Georgia head coach Kirby Smart cheers on the crowd during the National Championship celebration at Stanford Stadium on Saturday, Jan. 15, 2022, in Athens, Georgia. (Steve Schaefer/Atlanta Journal-Constitution/TNS)

Georgia football coach Kirby Smart opens up on CFP Championship Game: ‘really personal’

ATHENS — Kirby Smart is constantly churning forward in his quest for football championships, so the seventh-year Georgia head coach doesn’t often take time to reflect.

Indeed, the day after the championship game in Indianapolis last month, Smart focused more on the future of UGA football and the intense recruiting and program management challenges rather than provide a look back.

RELATED: Smart says future is ‘right now’ for Georgia football, no time to celebrate title

Smart finally allowed for introspection last week, sharing details with five-time NCAA basketball coach Mike Krzyzewski that he doesn’t often delve into.

Specifically, the normally stoic Smart shared thoughts and emotions attached to leading Georgia to a CFP Championship.

RELATED: Georgia football proves elite, beats Alabama 33-18 in national title game

Smart, who was under intense pressure to deliver the Bulldogs’ first national championship in 41 years, indicated there were times he wondered when it would happen, too.

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“I guess you go through those times of doubt of not knowing,” Smart said on a satellite radio show hosted by Krzyzewski last week.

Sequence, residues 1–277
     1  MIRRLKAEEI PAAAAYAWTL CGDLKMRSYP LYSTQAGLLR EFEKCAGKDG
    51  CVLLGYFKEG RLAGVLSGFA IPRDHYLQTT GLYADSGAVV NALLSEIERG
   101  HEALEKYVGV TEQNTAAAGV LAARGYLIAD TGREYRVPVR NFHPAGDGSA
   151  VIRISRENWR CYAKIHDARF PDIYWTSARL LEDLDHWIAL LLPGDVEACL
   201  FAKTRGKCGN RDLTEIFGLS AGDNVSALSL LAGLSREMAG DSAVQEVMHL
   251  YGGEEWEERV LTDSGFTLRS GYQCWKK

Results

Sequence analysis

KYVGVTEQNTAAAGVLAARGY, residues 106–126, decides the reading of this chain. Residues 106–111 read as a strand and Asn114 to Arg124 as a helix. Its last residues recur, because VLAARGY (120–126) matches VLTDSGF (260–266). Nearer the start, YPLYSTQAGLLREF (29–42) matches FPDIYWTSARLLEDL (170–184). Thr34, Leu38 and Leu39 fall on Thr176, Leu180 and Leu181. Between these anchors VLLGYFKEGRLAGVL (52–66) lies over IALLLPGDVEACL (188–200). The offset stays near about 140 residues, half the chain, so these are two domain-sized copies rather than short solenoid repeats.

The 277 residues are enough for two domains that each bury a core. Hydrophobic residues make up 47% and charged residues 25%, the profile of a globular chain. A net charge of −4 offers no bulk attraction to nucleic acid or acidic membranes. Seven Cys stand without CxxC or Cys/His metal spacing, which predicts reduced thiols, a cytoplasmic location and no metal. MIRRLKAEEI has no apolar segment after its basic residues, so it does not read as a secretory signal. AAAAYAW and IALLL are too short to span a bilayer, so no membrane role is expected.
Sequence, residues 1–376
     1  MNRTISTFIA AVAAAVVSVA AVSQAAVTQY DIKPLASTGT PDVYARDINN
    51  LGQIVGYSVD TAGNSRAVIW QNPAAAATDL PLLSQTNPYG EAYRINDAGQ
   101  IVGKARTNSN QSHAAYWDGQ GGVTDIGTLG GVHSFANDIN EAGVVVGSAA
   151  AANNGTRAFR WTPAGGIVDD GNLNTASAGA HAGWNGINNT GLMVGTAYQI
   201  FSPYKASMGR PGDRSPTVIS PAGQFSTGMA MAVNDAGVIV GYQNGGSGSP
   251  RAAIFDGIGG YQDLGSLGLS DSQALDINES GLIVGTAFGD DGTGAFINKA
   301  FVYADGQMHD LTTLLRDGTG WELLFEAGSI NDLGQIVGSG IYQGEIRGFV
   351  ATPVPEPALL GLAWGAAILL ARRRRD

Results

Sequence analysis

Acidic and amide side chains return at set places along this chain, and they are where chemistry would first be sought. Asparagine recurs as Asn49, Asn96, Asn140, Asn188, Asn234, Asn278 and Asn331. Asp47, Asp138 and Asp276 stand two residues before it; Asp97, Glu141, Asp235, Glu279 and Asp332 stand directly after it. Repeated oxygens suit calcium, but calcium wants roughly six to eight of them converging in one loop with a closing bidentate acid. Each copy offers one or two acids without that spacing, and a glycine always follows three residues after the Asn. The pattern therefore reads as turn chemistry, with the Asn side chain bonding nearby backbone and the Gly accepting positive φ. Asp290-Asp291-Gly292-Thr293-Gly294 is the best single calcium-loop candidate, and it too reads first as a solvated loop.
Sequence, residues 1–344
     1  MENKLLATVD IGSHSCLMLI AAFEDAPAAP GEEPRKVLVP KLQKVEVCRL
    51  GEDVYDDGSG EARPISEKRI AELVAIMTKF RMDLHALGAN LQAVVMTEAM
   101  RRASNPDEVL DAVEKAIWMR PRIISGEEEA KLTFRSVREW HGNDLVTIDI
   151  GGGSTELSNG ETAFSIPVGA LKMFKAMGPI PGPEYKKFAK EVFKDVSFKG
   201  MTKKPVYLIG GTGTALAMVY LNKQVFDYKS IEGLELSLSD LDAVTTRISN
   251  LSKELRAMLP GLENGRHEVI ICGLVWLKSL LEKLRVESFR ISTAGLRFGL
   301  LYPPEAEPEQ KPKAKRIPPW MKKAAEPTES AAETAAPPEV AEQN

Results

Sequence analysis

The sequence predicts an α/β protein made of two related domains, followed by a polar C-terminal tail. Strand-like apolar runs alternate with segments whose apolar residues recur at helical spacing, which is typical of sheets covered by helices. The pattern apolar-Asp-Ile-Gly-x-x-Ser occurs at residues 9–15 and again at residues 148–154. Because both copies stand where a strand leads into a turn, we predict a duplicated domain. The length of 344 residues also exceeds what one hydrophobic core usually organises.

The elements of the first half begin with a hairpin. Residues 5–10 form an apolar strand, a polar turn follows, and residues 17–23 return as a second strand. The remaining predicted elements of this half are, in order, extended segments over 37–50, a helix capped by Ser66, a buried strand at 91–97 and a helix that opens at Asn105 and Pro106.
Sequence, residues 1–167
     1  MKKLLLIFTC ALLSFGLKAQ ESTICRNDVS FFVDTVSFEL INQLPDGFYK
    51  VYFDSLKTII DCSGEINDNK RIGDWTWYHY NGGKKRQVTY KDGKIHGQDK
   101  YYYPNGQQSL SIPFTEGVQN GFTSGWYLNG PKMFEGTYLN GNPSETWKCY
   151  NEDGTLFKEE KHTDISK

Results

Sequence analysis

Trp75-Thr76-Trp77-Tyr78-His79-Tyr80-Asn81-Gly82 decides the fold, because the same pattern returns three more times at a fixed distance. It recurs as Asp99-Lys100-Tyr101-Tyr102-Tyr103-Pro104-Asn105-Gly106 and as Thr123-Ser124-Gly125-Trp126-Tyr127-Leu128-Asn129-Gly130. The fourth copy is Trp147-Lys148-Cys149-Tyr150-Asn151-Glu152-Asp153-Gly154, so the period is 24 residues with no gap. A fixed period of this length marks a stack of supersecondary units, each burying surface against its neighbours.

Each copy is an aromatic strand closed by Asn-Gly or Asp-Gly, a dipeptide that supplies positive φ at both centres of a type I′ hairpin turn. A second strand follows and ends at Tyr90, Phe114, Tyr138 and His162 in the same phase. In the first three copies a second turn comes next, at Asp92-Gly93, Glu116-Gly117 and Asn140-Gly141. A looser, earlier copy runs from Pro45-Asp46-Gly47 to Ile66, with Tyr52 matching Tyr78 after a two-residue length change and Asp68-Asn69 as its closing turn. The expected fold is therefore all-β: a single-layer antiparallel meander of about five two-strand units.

Smart’s status as a former Georgia All-SEC safety, along with his great success at Alabama as an assistant coach, gave the program the confidence and momentum it needed to put the pieces in place to win the national championship.

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Smart shared that coaching and winning a championship at his alma mater makes it that much more special for him, too.

“I think coming to my alma mater where I played and my wife played basketball, so when you get into the side of it where it’s like really personal,” Smart said. “And there was a long 41-year gap between winning the last (championship) in football.

“It just, it made it that much more special to realize that, you know, I’d won several at Alabama (as an assistant) but we had also been denied by Alabama of some opportunities.”

Smart’s affinity for Georgia, and his experiences coaching under the likes of Nick Saban, Bobby Bowden and Richt, have helped him shape an idea of how he wants his program to look and feel.

Times change and Smart will change with them, but the one thing Smart will always insist on from his players is effort and buy-in.

“Our kids always say it’s meat and potatoes at Georgia, it’s not flashy,” said Smart, who’s negotiating a salary believed to be worth approximately $100 million over 10 years.

“Your coaches sell that culture and the players buy into it, it certainly makes things positive for the players when they buy into it.”

The Bulldogs are weeks into their offseason workouts leading up to the March 15 start of spring drills, which culminated with the annual G-Day Game on April 16.

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